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The intonation of special questions.

The intonation of statements.

1) Statements are mostly used with the Low/Mid Fall preceded by the Falling/Hi Head. In all these cases they are final, complete and defenite.

Itís difficult.

I wanted to go there immediately.

2) But if we want to sound categoric or concerned we are to use Hi Fall.

If the statement is intended to be encouraging, the last stressed syllable is pronounced with th Low/Mid Rise preceded by the Falling or the Hi/Mid Level Heads.

Itís allright.

Statements are also used with the Low Rising tone when they are intended as questions.

You like it?

3) If the statement is grumble we use Low Head + Low Fall.

I didnít expect you to see here.

4) If the statement is a correction/contradiction/warning we use Fall-Rise preceded Falling/Hi(Mid) Level Head

-He is thirty.

-He is thirty five.

The intonation of disjunctive questions.

Disjunctive questions are simple sentences which consist of at least two sentences: a statement (affirmative/negative) and a tag question (negative/affirmative), corresponding two intontaional groups. The choice of tones depends on the speakerís certainty of the facts expressed in the first sense-group.

1) The most common pattern dor a disjunctive question is Low Fall + Low Rise.

It is quite simple, isnít it?

The pattern with the Low Rise of the tag question implies a mixture of positivness and doubt. Speaker inclies the listenerís agreement but the speaker wonít be surprised to hear contradiction.

The Low Fall in the second intonation group shows that the speaker demands agreement from the listener.

Heís a clever man, isnít he.

But in conversational language Low Fall used only formally.

Lovely day, isnít it.

2) In some cases Low Rise/Fall-Rise can be used in the first part, while Low Rise/Low Fall appears in the second part for support. Low Fall in the tag is often used in talking to a child. Low Rise in the tag may echo the first in the statement. The Low Rise sounds protesting, while the Rise in tag expresses uncertainty.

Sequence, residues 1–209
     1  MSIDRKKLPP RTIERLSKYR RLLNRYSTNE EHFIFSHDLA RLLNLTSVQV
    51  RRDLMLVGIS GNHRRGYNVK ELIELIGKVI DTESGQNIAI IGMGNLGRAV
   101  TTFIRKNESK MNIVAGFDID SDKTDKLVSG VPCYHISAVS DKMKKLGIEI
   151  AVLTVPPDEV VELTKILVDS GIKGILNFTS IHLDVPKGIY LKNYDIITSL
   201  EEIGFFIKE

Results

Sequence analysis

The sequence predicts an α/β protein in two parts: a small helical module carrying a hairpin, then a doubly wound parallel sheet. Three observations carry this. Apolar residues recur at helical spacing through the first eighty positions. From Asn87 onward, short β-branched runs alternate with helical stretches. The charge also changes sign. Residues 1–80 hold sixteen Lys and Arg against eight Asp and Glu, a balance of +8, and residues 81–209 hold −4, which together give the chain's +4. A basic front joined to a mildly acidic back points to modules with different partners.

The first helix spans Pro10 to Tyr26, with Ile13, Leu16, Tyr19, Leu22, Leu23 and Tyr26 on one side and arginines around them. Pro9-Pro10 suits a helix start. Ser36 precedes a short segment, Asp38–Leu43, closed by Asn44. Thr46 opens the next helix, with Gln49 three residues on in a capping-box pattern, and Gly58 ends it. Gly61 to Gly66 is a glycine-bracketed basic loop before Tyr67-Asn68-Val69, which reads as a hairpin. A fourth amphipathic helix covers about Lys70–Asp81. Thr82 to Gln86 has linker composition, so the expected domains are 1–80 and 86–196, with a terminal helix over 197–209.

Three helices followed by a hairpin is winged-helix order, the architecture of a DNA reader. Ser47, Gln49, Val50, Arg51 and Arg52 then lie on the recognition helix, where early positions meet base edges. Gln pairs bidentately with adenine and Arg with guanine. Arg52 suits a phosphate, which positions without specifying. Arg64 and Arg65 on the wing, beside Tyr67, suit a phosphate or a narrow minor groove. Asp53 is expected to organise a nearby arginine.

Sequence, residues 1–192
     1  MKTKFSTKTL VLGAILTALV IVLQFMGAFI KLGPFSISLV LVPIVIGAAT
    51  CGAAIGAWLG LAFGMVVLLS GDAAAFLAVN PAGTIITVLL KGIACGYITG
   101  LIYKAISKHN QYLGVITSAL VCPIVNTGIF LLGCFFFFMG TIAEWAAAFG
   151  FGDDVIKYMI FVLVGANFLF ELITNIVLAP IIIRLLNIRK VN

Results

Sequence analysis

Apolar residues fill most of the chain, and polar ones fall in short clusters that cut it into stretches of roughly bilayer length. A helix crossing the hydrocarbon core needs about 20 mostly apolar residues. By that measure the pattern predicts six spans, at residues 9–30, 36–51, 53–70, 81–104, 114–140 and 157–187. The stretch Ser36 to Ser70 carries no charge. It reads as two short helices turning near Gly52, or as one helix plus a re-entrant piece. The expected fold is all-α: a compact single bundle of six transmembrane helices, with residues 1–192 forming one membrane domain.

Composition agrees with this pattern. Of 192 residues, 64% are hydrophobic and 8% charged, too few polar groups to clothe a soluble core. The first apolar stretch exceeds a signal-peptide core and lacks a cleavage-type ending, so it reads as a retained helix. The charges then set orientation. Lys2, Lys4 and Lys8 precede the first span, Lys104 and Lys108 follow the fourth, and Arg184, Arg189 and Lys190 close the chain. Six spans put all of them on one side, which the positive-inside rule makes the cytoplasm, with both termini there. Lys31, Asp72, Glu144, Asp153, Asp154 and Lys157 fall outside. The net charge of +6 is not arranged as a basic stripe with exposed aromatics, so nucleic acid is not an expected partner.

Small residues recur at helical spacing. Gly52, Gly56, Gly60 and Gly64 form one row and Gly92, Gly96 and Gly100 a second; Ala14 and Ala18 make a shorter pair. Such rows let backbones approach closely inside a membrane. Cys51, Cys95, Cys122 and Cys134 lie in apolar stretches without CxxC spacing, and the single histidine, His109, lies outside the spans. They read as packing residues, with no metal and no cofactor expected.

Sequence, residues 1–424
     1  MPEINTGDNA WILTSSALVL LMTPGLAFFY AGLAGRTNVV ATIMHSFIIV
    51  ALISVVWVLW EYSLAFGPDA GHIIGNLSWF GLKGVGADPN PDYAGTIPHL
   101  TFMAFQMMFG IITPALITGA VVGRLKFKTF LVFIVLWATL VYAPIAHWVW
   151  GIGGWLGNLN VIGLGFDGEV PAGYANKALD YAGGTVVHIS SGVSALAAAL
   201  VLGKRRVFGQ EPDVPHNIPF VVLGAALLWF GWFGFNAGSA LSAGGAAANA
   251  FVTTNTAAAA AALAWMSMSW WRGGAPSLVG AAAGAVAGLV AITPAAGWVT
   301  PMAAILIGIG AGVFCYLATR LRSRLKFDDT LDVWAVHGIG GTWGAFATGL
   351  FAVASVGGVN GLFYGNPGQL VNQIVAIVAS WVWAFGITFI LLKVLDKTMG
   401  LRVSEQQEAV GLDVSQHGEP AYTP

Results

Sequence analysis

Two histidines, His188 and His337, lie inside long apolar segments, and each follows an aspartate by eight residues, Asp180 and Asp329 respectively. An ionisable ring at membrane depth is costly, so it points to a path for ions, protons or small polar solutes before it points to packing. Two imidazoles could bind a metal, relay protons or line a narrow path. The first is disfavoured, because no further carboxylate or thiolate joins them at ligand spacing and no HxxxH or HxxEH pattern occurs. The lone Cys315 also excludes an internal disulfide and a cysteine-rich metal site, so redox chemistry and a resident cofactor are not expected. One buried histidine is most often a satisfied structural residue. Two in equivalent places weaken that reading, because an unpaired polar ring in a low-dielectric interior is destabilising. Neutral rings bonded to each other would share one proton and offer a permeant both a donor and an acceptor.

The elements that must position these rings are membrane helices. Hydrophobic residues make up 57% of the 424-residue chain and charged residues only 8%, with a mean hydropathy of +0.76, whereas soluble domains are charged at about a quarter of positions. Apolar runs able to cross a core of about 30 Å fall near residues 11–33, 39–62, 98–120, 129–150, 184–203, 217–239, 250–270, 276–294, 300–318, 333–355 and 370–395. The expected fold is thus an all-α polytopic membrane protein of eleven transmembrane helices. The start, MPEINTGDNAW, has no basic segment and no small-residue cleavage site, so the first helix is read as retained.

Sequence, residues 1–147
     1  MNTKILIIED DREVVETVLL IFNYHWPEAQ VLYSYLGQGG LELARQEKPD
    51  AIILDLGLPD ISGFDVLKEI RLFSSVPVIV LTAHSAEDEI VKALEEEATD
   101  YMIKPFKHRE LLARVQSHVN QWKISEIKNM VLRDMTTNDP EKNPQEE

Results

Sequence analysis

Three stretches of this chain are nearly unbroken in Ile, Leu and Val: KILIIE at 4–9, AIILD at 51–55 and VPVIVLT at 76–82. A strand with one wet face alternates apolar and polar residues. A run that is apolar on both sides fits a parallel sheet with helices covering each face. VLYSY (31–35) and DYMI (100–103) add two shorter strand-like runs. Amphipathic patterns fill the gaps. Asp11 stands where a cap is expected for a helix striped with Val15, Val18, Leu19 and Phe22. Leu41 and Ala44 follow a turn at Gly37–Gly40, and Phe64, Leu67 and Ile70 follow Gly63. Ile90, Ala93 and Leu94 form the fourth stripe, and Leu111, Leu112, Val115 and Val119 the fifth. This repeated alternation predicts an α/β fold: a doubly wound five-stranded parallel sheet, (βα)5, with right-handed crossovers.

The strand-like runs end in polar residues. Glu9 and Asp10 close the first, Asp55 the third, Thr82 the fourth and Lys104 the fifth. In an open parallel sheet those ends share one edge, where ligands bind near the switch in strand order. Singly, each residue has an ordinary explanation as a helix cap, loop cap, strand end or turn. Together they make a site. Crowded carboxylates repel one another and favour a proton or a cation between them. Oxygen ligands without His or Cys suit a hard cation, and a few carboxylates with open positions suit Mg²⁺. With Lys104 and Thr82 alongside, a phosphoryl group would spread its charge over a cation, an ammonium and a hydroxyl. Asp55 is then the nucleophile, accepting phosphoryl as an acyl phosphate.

They will com, wonít they?

Alternative Questions.

An alterntaive question indicating choice between two homogeneous parts is usually represented by two ontonation groups. The most usual way of pronouncing them is to use Low Rise in the first intonation group and Low Fall in the second one.

Have you a son, or a daughter?

The second Low Fall in this ype of question shows that the choise should be made of two items expressed. If we have more than two alternatives in question we are to use Low Rise after every alternation but in final we use Low Fall.

Would you ilke tea, milk, or coffee?

In colloquial speech alternative questions can be reduced to one intonational group.

The intonation of special questions.

1) Special questions are mostly used with th low falling tone on the last stressed syllable preceded by the Falling Head or the Hi/Mid Level Head. In these cases they sound serious.



Why did you decide to do that?

Whatís the matter?

2) If we want so show much interest in the other person or in the subject and sound friendly and sympathetic we pronounce it with the Low Rising Tone + Falling/Hi(Mid) Level Head

Where do you live now?

Whatís your name?

3) For repeated or echoing special questions in unemphatic usage the Low Rising Tone on the question word is also common

-I went with Jack. Ė Who did you go with?


Date: 2016-03-03; view: 1591


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